Faced with Ukrainian resistance, Russian President Vladimir Putin has repeatedly pointed to the possibility of using nuclear weapons in the ongoing war. The US President Joe Biden warned of a risk of ‘apocalypse’ on Thursdayfor the first time since the Cold War.
However, it remains difficult at present to know to what extent this nuclear threat can become a reality.
· What nuclear weapons does Russia have?
Russian nuclear energy is important, but assessing it accurately is complicated because little information is filtered out on the subject. According to data from Bulletin of Atomic Scientistsdated February 2022, Russia has 5977 nuclear warheads, but not all of them are deployed and operational.
This figure also includes both tactical nuclear weapons and strategic nuclear weapons. “Tactical nuclear weapons have a range of 500 kilometers. Strategic nuclear weapons” Moscow-Washington can do, explains Ulysse Gosset, foreign policy columnist for our antenna.
“There are indeed so-called tactical weapons that are defined as weaker than strategic weapons, but they are still very powerful nuclear weapons,” recalls BFMTV Lova Rinelassociate researcher at the Strategic Research Foundation.
“We are talking about a serious arsenal, which is lethal, we are about equal to that of Hiroshima, so we are really on something dangerous that endangers the population,” the researcher underlines.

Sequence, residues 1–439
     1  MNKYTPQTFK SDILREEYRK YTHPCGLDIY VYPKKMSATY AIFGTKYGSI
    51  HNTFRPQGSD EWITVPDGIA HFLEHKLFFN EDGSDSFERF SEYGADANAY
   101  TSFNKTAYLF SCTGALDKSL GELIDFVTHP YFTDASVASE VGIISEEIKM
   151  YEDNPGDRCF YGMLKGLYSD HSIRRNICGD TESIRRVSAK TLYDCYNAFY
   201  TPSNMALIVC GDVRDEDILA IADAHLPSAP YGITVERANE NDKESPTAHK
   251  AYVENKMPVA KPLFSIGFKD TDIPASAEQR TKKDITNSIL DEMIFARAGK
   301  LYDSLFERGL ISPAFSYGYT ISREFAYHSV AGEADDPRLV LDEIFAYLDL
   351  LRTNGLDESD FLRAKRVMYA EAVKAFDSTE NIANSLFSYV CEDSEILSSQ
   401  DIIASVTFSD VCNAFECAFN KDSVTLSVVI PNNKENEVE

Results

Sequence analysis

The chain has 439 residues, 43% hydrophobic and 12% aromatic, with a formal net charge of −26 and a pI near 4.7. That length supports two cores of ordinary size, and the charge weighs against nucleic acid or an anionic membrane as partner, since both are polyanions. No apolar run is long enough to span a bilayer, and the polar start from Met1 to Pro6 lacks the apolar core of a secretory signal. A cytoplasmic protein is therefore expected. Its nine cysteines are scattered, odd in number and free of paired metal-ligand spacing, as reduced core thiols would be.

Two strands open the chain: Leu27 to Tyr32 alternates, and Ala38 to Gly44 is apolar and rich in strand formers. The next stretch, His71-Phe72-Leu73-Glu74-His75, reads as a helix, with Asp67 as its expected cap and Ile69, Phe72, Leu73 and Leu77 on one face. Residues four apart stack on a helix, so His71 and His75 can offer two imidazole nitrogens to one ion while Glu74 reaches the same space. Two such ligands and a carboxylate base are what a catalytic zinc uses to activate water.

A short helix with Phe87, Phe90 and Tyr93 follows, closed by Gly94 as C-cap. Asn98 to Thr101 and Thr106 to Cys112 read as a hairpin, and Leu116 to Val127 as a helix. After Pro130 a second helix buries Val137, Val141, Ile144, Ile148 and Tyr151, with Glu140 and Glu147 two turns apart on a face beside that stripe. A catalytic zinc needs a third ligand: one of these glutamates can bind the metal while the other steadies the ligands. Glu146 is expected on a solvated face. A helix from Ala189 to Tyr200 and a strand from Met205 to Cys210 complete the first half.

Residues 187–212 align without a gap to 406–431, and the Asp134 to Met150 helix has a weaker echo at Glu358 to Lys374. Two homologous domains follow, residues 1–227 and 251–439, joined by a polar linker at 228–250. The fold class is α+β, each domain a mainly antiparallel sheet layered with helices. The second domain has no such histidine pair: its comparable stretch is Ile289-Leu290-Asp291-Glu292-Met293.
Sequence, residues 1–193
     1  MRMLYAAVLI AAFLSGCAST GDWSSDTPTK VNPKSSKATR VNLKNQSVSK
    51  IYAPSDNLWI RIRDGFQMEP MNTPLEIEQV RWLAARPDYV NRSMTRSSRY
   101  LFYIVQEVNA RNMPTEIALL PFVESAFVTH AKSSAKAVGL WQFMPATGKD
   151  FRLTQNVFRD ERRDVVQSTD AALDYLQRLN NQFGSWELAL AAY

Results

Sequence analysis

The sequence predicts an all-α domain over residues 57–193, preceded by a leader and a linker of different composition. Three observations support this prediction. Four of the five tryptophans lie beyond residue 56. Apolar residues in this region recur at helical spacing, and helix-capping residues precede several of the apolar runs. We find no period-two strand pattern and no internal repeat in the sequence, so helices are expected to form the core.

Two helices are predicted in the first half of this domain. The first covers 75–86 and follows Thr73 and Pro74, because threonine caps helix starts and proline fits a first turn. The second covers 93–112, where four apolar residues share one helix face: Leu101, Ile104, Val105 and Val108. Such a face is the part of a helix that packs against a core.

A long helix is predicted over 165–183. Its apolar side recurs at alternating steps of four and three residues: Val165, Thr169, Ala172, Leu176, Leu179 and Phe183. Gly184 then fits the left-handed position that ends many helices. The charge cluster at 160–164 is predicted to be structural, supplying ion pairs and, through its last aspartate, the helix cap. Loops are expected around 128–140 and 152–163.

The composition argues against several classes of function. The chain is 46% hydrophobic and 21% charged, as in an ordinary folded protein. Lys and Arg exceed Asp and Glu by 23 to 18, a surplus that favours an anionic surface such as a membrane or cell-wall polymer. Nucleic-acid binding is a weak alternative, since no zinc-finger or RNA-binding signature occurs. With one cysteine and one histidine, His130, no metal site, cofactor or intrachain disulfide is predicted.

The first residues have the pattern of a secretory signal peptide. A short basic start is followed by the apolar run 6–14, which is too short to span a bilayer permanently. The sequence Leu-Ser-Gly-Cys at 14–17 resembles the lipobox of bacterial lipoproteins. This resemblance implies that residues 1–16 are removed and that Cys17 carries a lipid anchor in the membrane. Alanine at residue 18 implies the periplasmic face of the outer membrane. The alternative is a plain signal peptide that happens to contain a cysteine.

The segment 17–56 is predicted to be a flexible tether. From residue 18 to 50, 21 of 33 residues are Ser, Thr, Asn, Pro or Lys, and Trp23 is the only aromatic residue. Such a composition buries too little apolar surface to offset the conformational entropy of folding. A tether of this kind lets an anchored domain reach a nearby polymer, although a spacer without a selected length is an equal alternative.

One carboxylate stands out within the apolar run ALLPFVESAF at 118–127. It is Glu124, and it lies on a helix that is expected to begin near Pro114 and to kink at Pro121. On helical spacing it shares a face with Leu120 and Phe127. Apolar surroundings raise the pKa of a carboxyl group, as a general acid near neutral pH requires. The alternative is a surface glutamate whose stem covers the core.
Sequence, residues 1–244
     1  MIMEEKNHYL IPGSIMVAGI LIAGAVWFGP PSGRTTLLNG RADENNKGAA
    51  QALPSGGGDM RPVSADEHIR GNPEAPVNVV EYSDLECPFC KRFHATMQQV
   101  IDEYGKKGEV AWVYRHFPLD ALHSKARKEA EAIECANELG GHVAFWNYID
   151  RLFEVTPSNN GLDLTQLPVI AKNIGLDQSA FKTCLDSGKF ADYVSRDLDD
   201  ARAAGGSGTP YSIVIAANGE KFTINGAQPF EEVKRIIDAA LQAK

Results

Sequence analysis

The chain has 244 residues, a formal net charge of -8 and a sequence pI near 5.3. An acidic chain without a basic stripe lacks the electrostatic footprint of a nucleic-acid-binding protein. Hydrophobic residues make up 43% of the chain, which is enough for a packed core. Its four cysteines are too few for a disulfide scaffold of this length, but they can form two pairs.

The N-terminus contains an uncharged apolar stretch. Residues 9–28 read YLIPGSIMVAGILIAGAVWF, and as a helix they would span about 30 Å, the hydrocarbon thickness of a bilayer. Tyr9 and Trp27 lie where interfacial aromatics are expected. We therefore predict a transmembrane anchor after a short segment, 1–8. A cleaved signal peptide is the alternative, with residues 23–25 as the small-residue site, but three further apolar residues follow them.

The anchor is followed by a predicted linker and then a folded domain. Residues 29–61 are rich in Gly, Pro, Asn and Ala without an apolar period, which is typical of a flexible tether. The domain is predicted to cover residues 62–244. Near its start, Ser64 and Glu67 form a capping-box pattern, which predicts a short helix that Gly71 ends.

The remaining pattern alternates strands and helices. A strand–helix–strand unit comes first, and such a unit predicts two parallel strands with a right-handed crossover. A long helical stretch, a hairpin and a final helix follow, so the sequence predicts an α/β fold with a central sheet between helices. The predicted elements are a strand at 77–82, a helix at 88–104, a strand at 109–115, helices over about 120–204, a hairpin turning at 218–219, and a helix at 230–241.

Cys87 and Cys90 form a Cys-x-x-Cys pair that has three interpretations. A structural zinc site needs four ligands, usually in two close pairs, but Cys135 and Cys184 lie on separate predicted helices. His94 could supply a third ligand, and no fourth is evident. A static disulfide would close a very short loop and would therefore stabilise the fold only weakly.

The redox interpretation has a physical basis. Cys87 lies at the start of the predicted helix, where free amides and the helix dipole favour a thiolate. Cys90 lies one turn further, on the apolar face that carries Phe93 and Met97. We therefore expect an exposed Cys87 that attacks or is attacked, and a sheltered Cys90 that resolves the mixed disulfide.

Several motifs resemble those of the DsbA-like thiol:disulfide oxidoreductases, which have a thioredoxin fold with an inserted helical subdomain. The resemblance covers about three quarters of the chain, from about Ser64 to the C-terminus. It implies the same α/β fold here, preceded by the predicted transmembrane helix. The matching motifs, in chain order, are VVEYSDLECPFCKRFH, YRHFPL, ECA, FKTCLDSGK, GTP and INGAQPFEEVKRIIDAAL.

· In what cases can Putin use nuclear weapons?
Russian doctrine states that Vladimir Putin may use nuclear weapons if Russia is attacked and if this attack threatens the very existence of the country. If Ukraine is currently under attack, the Russian president has repeatedly reminded: annexed territories in Ukraine were now Russian for him, and that any attack on these grounds would be considered an attack on Russia.
The subtlety of this framework is that it is Vladimir Putin who defines what equates to “endangering the very survival of the country”. The concept is broad and a bit vague, meaning the cases that fit into it are potentially numerous.
Piotr Tolstoy, Vice President of the State Duma, however insured on BFMTV this week to “make sure we don’t use nuclear weapons. We have a doctrine, so the law is very clear about that and we can only use it if there is an existential threat to the entire Russian territory.”
· Who decides to use nuclear weapons?
Under Russian law, it is Vladimir Putin who decides for himself. But Russia also inherited the Soviet system of collective decision-making, which required the consent of the Defense Minister and the Chief of Staff of the Armed Forces. Is this still the case today? The answer is vague, we don’t know exactly whether these two military officials have any real blocking power over the nuclear issue, explains Bruno Tertrais, deputy director of the Foundation for Strategic Research.
However, he underlines that if these two military officials were really a brake on the Russian president, he would only have to replace them for humans who would approve his plans.